Working in eight countries across South and Southeast Asia on elephant and rhino issues has given me a unique opportunity to appreciate the work being done in this region. Field biology is still in its infancy in Southeast Asian countries with the first generation of local in-country biologists just graduating in places such as Indonesia, Malaysia and Thailand. However expat scientists have been studying wildlife for a very long period in these places and therefore excellent scientific papers and documentation exists. Between 1980-2000, field biologists here were largely foreigners who were afraid that their research permits would be cancelled, which is probably why they did not sound loud enough warnings even when critical habitats were being cleared for industrial agriculture (oil palm, paper and pulp plantations).
By comparison, India, Nepal and Sri Lanka, have good and competent local field biologists and this has helped develop a greater understanding of the ecological issues at stake, especially with regard to large mammals. Many in-country biologists have in fact served as powerful spokespersons against issues such as poaching, mining and illegal logging. However, here too, while vibrant research happens, the findings are seldom used while developing management plans. The system is so ineffective that often Forest Departments are not even aware of the research results from studies conducted in their own PAs. Nepal, thankfully, is proving to be different, and research results are strongly consulted before management decisions are taken for PAs.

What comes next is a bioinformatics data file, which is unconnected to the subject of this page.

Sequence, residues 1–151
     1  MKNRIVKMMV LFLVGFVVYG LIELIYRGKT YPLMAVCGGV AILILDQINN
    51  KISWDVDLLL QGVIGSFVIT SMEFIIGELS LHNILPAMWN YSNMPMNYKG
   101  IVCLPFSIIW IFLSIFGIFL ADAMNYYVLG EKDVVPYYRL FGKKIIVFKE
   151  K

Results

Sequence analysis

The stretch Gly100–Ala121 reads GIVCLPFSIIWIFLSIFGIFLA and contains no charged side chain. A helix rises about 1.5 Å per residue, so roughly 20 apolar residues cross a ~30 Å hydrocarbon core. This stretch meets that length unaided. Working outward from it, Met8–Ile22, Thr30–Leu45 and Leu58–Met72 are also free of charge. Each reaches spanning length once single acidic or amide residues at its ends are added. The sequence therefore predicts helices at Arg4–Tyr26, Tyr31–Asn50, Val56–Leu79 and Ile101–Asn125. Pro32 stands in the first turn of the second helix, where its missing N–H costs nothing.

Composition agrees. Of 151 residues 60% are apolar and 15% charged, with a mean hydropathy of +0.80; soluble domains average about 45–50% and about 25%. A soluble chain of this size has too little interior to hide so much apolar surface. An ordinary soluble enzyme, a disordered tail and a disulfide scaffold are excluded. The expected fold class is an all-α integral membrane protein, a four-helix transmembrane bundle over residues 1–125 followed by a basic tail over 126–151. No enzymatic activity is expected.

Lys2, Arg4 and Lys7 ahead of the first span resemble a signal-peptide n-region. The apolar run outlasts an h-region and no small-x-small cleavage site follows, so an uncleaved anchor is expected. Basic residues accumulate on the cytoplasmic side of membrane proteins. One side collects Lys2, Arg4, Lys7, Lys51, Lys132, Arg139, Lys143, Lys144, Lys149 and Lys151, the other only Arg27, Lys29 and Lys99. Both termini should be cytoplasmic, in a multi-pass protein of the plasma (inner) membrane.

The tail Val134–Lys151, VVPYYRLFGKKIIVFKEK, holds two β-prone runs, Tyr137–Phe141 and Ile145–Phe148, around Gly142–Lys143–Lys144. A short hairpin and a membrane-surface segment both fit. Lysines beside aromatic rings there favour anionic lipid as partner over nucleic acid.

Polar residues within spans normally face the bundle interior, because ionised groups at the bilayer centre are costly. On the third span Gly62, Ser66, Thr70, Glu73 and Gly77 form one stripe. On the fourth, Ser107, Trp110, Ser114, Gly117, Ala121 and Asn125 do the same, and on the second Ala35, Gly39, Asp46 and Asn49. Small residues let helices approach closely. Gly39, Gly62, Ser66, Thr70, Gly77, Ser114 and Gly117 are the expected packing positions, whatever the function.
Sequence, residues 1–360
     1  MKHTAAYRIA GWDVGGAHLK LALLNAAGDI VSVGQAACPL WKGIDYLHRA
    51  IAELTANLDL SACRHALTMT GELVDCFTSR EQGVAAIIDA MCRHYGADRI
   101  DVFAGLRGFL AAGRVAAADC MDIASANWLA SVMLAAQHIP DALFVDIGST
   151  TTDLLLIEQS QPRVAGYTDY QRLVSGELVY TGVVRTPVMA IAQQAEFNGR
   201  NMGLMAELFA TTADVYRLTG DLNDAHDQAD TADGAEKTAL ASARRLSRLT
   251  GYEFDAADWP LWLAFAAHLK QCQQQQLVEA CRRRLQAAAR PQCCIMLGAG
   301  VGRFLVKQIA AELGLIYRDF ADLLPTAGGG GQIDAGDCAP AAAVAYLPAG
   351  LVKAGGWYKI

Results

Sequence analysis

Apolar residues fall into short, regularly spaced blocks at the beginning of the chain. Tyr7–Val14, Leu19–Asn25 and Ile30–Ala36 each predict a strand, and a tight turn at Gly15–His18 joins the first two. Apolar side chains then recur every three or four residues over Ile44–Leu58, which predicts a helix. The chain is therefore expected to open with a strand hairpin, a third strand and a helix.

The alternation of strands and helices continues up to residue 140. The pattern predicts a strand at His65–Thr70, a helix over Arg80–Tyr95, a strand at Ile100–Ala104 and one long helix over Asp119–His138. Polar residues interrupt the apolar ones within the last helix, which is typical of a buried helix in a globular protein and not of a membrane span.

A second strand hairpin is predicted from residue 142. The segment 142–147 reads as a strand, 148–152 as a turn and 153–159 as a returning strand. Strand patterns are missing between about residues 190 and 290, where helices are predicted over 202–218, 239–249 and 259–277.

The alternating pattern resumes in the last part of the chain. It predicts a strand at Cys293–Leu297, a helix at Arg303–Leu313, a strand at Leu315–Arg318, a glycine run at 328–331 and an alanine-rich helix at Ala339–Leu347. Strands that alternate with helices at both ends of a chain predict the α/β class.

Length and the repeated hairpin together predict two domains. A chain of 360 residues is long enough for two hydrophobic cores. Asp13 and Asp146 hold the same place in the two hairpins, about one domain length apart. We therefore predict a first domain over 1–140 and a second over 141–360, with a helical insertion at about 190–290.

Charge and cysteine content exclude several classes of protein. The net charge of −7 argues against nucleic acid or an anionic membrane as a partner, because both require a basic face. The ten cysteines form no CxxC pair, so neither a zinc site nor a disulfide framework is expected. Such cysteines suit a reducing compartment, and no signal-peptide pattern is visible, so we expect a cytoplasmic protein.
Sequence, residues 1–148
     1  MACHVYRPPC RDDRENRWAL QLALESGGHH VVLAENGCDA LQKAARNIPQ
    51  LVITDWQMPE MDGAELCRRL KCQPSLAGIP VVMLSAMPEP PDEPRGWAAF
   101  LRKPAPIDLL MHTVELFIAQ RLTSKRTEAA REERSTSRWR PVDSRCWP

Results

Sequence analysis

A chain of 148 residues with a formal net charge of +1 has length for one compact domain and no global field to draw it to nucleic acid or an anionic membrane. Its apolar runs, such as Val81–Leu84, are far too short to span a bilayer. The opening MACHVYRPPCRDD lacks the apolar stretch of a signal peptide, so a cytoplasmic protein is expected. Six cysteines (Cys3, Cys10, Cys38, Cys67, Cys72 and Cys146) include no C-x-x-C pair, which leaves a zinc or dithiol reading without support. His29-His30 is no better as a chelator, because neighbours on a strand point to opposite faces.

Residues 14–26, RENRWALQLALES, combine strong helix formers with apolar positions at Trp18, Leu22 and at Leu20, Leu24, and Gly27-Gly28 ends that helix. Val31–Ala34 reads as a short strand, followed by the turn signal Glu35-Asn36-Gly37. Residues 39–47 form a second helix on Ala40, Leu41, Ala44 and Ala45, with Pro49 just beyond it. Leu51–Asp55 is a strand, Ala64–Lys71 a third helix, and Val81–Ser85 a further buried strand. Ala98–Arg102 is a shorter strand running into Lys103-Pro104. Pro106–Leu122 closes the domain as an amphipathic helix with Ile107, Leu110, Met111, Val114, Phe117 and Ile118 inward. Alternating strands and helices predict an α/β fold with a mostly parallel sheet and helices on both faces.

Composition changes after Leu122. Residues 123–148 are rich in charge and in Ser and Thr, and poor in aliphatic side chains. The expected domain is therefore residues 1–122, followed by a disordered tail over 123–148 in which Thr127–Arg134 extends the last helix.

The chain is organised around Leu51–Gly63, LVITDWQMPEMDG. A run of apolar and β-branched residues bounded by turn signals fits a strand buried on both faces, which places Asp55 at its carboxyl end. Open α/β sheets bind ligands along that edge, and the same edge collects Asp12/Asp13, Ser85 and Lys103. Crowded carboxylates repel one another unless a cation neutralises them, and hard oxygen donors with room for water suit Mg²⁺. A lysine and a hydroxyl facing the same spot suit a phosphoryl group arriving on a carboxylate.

In India, a few biologists who largely chase papers for publication, or awards from government or international agencies tend to be the ones that the Government of India listens to. So you have a situation where some “morally corrupt” scientists give the government scientific cover when they should actually be speaking out against decisions.When I was a young field biologist, I was personally told by a very senior scientist not to inform the Forest Department about some elephant poaching cases that I stumbled upon in the field, unless they directly asked me for information. He did not want me to endanger the research permit!
A.J.T Johnsingh, Eminent Wildlife Biologist, Nature Conservation Foundation, Mysore and WWF-India
Many young biologists venture into the natural world and come up discoveries of new species and valuable information and splendid images. There have been discoveries of new species in almost in all taxa, particularly in invertebrate groups. Some biologists have also come up with innovative ideas for conservation. Grazing-free areas established in Kibber in Himachal Pradesh in collaboration with locals has caused bharal populations to rise. We see snow leopards more frequently now. Another example is the establishment of community-approved power fences to keep away porcupines, wild pigs and elephants from crop fields on the fringes of the Bandipur Tiger Reserve. Restoration of degraded shola forests on the Valaparai Plateau in the Anamalais led to the use of such forests by the lion-tailed macaque. Across the country there are several examples of how biologists have contributed to strengthen conservation.
I believe field biology in India is at par with the rest of the world as most of our biologists are brilliant and hard-working and now with the availability of better technology in the form of equipment, computer applications and lab work, we can do even better.